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United Nations Daily Highlights, 98-05-15

United Nations Daily Highlights Directory - Previous Article - Next Article

From: The United Nations Home Page at <> - email:


Friday, 15 May, 1998

This daily news round-up is prepared by the Central News Section of the Department of Public Information. The latest update is posted at approximately 6:00 PM New York time.


  • Secretary-General "deeply disturbed" over outbreak of violence in occupied territories.
  • Meeting with Secretary-General, Israeli Prime Minister says his country will withdraw from Lebanon.
  • Secretary-General says Group of Eight Summit should reaffirm goal of nuclear non-proliferation.
  • Information Committee suggests asking Secretary-General to report on efforts to develop United Nations broadcasting capacity.
  • New initiatives on biodiversity launched at UN-supported conference in Bratislava.
  • In International Families Day message, Secretary-General says tolerance in family life will shape society.

"The Secretary-General is deeply disturbed over the outbreak of violence in the occupied territories leading to numerous deaths and injuries among the Palestinian population, including children," his Spokesman, Fred Eckhard, said on Friday.

"This tragic event underscores once more the importance of finding a way of moving the peace process forward without delay. In the meantime, it is essential for the parties to exercise maximum restraint," he added.

The Secretary-General also expressed his sympathy and condolences to the bereaved families.

Israel's Prime Minister reaffirmed his country's decision to withdraw from southern Lebanon during a meeting on Friday in New York with United Nations Secretary-General Kofi Annan.

Briefing reporters after the meeting, the Secretary-General's Spokesman, Fred Eckhard, said Mr. Annan and Israeli Prime Minister Benjamin Netanyahu had discussed the situation in the Middle East, focusing on southern Lebanon.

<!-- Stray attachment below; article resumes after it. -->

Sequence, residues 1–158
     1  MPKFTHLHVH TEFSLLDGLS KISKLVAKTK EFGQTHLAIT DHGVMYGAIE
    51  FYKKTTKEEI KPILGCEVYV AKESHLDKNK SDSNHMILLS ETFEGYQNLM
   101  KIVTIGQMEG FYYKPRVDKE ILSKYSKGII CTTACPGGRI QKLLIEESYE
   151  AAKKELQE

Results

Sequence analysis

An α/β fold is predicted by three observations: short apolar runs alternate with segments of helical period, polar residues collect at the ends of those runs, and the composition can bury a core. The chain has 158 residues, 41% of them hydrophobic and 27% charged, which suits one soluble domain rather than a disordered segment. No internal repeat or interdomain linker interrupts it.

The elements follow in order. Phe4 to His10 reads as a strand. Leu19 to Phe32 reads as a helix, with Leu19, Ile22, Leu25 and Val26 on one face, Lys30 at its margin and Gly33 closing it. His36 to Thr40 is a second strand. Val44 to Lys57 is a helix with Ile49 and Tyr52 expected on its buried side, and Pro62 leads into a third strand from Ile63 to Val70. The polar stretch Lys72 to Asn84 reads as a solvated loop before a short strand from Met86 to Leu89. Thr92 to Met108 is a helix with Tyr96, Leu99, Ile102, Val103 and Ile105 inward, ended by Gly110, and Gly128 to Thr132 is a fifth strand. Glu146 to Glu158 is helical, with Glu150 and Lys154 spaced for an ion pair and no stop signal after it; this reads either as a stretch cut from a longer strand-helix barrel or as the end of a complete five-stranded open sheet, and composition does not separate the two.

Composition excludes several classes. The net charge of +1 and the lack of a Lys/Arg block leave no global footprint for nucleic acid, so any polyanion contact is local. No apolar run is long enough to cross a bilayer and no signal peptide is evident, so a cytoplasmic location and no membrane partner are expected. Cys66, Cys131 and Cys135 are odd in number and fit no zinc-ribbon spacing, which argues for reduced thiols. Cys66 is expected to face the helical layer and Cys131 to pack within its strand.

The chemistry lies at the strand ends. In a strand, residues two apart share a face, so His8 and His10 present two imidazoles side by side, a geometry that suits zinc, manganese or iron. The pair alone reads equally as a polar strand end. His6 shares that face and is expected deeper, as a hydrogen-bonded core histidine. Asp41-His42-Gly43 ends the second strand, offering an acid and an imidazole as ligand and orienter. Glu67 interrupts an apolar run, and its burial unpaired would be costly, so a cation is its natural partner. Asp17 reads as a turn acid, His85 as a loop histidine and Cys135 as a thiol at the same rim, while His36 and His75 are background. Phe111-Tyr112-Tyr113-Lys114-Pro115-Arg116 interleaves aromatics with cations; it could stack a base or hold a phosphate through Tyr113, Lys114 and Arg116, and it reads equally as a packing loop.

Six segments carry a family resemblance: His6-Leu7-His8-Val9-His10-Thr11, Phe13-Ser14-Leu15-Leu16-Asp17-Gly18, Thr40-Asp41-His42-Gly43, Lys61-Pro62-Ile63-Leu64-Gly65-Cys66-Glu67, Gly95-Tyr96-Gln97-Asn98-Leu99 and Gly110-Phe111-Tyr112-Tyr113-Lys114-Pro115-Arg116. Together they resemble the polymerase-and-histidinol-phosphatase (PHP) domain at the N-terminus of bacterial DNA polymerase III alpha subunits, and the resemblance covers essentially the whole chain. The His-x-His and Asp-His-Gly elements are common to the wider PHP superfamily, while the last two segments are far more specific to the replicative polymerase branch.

UN Secretary-General Kofi Annanand PM Benjamin Netanyahu of Israel

The Secretary-General had raised the issue of the Palestinians who were killed and wounded on Thursday. "The Prime Minister assured the Secretary- General that Israel was taking steps to calm the situation and avoid further violence," Mr. Eckhard said.

Prime Minister Benjamin Netanyahu told the press that he had reaffirmed Israel's decision -- after 20 years -- to accept Security Council resolution 425 (1978), which calls on Israel to withdraw from Lebanese territory. "We also explained that we are prepared to do this under the stipulations that are contained in the resolution," Mr. Netanyahu said, adding, "Of course, if the UN wishes to take up this decision, then by all means, Israel would respond positively."

The Israeli Prime Minister prefaced his remarks by saying that he was very pleased to speak with Secretary-General, who he considered "a friend and a champion of peace."

Meanwhile, at a meeting in New York of the Committee on the Inalienable Rights of the Palestinian People, Palestine's Observer, Nassar Al-Kidwa, said Prime Minister Netanyahu's visit to United Nations Headquarters was ill-timed. Mr. Al-Kidwa said he did not see what the Prime Minister could do in the house of international legitimacy and peace when he persistently violated the first and destroyed the second.

Mr. Al-Kidwa also told the Committee that on Thursday, as a million- person march was organized through all Palestinian cities, the occupying Israeli army had opened fire indiscriminately on the participants, killing eight people, two of whom were young children, and injuring 400 others. Several of those injured remained in critical condition, he said.

Stating that, "events in the past few days have demonstrated the fragility of current efforts to achieve the goal of nuclear non- proliferation and nuclear disarmament," Secretary-General Kofi Annan has stressed the urgent need for the Group of Eight leaders to address these matters.

In a letter to Prime Minister Tony Blair of the United Kingdom, Secretary- General Kofi Annan also said he would welcome a strong endorsement of the United Nations and its many contributions from leaders meeting in London this week at the Group of Eight Summit.